Fabindia’s story is evidence that tapping into India’s culture and the skills of its rural artisans can be a viable business proposition for external investors. After all, the company has raised capital to fund growth from marquee investors such as L Catterton Asia and PremjiInvest —the family office of Wipro founder and billionaire Azim Premji.

Modi has, however, resisted diluting his family’s stake in VFPL thus far and has managed to grow without external capital. But the time may have come for VFPL to look at an external investor as it seeks to take the inorganic route to become a larger entity. “We are considering bringing an investor in the near future to fund some acquisitions that we are looking at,” says Modi. There are reports that L Catterton Asia, which exited Fabindia in 2016, may be looking at VFPL, though this couldn’t be independently verified.

Manyavar’s national appeal in a country where people’s culture and sartorial tastes differ from state to state is, in no small measure, also a function of its massive splurge on round-the-year advertising. From outdoor billboards, newspapers and magazines to TV and movie theatres, Manyavar’s commercials can be seen everywhere. The brand’s logo also features on the jerseys of popular sporting league franchises like the Kolkata Knight Riders in the India Premier League.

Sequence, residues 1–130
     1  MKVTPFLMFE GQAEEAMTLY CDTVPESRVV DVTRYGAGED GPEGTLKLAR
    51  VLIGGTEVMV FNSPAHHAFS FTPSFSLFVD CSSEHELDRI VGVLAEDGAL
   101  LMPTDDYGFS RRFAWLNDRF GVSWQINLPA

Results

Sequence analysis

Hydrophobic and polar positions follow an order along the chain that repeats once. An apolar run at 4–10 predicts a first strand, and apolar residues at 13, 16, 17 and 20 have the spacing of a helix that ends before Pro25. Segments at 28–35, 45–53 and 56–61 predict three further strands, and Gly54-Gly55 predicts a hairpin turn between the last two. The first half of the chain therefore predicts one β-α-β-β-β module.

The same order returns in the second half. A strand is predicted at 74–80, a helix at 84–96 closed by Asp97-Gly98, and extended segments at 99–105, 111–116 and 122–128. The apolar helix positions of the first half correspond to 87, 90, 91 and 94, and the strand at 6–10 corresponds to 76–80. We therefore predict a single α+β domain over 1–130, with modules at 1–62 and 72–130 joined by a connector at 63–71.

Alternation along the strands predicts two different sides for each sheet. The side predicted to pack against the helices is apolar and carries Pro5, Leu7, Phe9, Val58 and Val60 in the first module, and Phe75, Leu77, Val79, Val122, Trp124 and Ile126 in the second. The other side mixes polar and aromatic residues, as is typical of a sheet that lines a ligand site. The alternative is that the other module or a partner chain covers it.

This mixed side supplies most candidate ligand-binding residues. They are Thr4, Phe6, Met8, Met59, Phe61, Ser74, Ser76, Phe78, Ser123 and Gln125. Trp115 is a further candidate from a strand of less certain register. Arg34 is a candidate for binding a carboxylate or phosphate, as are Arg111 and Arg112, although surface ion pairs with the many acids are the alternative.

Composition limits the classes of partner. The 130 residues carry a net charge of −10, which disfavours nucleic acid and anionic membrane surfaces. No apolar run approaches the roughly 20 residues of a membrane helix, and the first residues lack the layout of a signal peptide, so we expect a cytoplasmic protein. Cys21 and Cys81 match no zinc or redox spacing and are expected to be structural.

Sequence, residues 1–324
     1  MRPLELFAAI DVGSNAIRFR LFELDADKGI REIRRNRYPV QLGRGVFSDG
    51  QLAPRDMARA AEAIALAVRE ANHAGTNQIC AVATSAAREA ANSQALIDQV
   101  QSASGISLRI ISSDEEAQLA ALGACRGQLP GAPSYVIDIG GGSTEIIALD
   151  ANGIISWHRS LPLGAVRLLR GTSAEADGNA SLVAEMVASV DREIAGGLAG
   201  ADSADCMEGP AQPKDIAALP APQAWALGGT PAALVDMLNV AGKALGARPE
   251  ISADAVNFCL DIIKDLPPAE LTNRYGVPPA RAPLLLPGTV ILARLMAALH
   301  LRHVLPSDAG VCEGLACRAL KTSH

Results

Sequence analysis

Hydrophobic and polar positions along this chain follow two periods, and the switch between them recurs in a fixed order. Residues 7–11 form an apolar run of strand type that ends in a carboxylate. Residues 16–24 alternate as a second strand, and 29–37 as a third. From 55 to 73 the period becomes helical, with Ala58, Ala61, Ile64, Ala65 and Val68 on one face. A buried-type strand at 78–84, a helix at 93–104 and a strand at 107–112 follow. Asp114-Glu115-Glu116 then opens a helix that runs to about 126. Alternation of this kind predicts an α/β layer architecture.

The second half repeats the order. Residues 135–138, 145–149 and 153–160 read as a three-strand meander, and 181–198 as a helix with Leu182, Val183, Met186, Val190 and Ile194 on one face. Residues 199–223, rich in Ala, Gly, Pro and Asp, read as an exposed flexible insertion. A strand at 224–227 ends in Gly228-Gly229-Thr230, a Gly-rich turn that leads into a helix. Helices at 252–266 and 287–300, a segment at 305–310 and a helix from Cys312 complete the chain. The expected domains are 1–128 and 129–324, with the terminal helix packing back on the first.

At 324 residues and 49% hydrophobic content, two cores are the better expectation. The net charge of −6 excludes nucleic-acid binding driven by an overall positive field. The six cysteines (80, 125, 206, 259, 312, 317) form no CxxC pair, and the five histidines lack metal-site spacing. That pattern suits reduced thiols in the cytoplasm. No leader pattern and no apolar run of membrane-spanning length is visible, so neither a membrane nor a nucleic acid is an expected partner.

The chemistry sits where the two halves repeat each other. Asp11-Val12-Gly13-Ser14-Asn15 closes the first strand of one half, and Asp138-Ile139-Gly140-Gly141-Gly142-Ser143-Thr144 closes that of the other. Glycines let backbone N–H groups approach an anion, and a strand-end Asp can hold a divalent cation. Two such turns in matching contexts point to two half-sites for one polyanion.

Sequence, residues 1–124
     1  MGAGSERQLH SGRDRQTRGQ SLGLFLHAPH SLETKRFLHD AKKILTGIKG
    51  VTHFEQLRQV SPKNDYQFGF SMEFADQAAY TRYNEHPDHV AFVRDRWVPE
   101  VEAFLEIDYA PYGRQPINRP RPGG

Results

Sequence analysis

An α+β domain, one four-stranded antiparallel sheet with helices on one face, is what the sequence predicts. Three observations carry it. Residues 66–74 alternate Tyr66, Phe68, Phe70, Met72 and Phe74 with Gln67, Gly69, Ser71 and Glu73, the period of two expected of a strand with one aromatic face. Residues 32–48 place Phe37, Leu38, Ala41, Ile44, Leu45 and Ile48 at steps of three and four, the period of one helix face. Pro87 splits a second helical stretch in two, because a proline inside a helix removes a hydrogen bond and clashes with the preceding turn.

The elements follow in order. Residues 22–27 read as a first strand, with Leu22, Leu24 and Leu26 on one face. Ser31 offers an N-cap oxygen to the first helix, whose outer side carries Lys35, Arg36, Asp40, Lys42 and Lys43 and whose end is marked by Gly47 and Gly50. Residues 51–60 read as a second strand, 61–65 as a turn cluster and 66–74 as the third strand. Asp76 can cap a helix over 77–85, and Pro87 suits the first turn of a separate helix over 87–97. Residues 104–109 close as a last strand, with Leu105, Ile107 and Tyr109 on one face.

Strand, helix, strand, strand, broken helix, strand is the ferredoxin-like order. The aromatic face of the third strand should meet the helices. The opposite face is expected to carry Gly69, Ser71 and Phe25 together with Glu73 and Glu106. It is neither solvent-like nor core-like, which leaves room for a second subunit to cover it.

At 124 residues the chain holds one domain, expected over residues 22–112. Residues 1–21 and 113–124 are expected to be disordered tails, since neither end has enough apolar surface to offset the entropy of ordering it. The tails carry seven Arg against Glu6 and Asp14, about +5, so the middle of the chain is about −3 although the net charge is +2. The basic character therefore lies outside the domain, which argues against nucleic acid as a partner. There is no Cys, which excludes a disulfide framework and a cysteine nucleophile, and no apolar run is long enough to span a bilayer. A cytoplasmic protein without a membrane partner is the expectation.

In 2015, the brand roped in Indian cricket captain Virat Kohli as its ambassador for two years. Manyavar’s commercials that feature Kohli seek to tug at the heartstrings of its potential consumers by championing social causes, infused with the theme of festivity.

Modi says Manyavar’s 360-degree media campaigns entail the largest marketing budget in this category (though he doesn’t specify a figure), which help enable “a strong nationwide brand recall” and an 85 percent consumer conversion (leading to consumers coming to the stores). “After signing Virat as our ambassador, our sales have increased by 25-30 percent between November 2015 and November 2016,” says Modi, who is a cricket buff himself.

But his eye is on a far bigger game: A turnover of 1,000 crore by FY18 and2,000 crore in FY21. Ambition at Manyavar surely is extra-large.

(This story appears in the 18 August, 2017 issue of Forbes India. To visit our Archives, click here.)